Advanced solid state non-volatile memory (NVM) chips, which retain data when the power is off, are expected to see phenomenal growth in the next five years. According to a recently published report from iRAP, Inc., ET-114: Advanced Solid-State Memory Systems and Products: Emerging Non-volatile Memory Technologies, Industry Trends and Market Analysis, the global market for emerging non-volatile random access memory products was projected to have reached $115 million in 2010. This market is expected to increase to $1.6 billion by 2015 at an average annual growth rate (AAGR) of 69% through the forecast period. Regionally, North America captured about 42% of the market in 2010, followed by Europe at 36%, and the rest of the world (ROW) with 22%, dominated by Japan, Korea and China.
Besides computers, today’s portable electronics have become computationally intensive devices as the user interface has migrated to a fully multimedia experience. To provide the performance required for these applications, the portable electronics designer uses multiple types of memories: a medium-speed random access memory for continuously changing data, a high-speed memory for caching instructions to the CPU, and a slower, non-volatile memory for long-term information storage when the power is removed. Combining all of these memory types into a single memory has been a long-standing goal of the semiconductor industry.
Seven emerging non-volatile memory technologies such as FERAM, phase change random access memory (PCM, PC-RAM, PRAM, OUM), magneto-resistive RAM (MRAM, STT RAM, Race Track Memory), resistance switching RAM (RRAM, ReRAM, CB-RAM, PMC-RAM, Nanobridge RAM CMOx, memistors), zero capacitor (ZRAM), quantum dot RAM and polymer printed memory are contributing to this growth. There are several other major findings of this report.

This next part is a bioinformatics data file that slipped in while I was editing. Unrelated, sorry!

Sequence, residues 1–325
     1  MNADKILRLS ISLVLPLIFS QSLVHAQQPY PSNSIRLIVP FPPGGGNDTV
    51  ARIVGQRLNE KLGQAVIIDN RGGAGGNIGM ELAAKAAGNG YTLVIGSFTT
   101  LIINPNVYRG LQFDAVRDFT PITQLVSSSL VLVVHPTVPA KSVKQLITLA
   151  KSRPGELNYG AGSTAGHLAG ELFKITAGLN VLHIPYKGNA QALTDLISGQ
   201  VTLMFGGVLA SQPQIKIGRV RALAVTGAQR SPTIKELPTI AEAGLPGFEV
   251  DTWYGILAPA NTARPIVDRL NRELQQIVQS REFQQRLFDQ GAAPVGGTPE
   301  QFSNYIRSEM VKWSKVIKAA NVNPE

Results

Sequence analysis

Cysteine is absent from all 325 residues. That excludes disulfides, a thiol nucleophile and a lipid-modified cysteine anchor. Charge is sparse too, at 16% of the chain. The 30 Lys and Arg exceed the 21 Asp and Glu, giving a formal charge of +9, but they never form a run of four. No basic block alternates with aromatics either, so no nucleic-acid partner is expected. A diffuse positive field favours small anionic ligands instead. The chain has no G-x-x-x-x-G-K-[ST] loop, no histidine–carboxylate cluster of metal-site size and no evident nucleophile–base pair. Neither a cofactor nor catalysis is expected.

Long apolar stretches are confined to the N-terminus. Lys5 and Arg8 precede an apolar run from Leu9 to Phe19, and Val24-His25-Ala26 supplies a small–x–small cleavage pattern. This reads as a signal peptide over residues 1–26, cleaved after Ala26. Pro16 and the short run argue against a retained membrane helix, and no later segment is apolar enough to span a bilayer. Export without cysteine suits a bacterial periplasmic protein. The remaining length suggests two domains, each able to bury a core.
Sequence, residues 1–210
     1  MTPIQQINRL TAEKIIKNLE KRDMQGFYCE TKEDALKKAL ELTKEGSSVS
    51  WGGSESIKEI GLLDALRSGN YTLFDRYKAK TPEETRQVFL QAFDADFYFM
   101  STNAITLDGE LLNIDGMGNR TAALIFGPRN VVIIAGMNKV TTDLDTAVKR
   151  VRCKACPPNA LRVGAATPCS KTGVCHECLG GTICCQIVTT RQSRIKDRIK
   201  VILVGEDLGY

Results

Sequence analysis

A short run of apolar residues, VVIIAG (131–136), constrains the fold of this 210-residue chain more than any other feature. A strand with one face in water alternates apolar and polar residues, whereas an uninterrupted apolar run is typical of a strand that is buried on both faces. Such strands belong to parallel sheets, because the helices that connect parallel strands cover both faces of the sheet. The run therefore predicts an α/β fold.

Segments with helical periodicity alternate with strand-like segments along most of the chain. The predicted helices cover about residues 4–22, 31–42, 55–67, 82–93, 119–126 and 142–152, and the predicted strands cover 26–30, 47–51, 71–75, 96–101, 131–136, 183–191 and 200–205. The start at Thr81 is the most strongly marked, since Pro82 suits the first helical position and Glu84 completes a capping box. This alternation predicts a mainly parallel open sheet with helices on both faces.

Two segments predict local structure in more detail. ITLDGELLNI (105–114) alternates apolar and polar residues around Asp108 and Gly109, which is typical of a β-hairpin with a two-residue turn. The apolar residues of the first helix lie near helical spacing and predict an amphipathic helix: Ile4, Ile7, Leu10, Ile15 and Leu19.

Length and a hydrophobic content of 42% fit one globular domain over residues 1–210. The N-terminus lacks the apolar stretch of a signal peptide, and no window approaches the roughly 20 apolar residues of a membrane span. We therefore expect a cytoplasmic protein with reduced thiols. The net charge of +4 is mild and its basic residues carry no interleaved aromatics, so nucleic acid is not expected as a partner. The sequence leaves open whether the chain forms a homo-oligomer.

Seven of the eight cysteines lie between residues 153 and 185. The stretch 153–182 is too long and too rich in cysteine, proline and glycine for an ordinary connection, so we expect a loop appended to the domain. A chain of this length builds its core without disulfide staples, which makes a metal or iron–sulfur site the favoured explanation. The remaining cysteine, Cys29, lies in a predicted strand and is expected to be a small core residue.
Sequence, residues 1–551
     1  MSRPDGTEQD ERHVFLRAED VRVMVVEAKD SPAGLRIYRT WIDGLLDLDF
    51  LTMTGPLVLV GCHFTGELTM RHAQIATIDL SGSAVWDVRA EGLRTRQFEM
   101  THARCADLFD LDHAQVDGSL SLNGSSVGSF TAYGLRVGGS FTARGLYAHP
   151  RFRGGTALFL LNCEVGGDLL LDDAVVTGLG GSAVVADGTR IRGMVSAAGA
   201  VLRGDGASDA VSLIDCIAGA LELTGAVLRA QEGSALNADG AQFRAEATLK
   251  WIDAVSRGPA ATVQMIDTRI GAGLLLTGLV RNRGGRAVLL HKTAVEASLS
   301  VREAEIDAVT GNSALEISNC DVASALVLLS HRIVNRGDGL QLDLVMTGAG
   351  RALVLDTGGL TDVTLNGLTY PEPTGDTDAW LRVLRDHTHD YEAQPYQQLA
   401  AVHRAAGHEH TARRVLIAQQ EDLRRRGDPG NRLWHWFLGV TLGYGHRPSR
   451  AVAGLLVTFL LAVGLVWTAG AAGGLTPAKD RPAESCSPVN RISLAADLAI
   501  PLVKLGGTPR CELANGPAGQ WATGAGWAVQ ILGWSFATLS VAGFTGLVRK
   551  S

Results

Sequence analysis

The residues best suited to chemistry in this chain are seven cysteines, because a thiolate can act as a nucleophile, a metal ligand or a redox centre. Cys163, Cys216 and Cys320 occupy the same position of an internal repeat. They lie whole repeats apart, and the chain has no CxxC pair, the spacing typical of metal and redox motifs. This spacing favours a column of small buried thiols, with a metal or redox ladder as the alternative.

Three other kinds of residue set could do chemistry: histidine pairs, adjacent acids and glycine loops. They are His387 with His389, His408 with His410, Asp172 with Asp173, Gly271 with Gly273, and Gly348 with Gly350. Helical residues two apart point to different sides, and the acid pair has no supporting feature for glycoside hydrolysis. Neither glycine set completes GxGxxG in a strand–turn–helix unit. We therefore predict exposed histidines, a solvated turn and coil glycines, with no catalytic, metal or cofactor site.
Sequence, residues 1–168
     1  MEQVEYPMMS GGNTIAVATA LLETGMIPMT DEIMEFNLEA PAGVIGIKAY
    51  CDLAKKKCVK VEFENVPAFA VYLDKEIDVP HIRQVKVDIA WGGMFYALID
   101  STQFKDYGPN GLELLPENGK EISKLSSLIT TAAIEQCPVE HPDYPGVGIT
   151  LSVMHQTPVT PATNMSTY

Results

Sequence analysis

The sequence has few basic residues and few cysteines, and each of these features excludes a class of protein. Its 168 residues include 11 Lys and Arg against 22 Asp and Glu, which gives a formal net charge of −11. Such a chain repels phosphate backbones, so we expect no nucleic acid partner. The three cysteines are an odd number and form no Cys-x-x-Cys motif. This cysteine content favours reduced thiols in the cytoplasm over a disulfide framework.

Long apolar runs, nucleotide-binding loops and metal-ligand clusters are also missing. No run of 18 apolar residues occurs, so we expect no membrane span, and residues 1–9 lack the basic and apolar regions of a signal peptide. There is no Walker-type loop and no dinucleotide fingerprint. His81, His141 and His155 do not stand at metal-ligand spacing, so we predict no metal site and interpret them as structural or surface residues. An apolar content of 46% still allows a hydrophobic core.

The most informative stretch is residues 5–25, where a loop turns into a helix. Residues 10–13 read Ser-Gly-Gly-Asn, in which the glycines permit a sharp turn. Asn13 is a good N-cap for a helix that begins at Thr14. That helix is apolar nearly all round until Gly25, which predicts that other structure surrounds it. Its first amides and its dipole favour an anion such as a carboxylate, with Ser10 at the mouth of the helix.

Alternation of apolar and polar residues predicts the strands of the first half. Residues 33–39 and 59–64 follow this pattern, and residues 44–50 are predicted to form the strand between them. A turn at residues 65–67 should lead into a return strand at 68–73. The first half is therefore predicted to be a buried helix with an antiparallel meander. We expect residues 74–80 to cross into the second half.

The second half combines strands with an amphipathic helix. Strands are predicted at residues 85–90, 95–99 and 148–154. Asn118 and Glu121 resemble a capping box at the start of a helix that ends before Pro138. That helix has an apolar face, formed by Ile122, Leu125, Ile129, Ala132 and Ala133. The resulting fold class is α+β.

Major Findings of this report:
- The market for emerging non-volatile random access memory used as an embedded system on chip SOC cards in 2010 will be highest. This is followed by RFID tags used in goods, which are transported by high-speed detection conveyors, as in airports and smart airbags used in automobiles. The remaining four market applications are radiation-hardened memory in aerospace and nuclear installations, printed memory platforms such as smart cards, games, sensors, display, storage-class memory network and high end smart mobile phones.
- Among the seven emerging non-volatile random access memory technologies covered in this report, in 2010 the potential market for zero capacitor (ZRAM) is highest. The polymer printed memory market in 2010 will be next highest, followed by ferromagnetic RAM as a distant third.
- In 2015, phase change memory (PCM, PC-RAM, PRAM, OUM) will be highest. FeRAM will be next highest, followed by zero capacitor RAM (ZRAM).
- MRAM promises a high capacity, next-generation memory that can replace SRAM/flash combos and battery-backed up RAM as well as supplying improved non-volatile memory solutions for high-end mobile products. MRAM is already in the sampling stage. Freescale has just recently moved MRAM into volume production, and there are as many as 20 firms actively pursuing this opportunity. Meanwhile, important firms such as Intel, Freescale, Micron, Samsung, STMicroelectronics are beginning to settle on new technology platforms for the post-flash era and are finding ovonic and nano-crystalline memories increasingly satisfactory.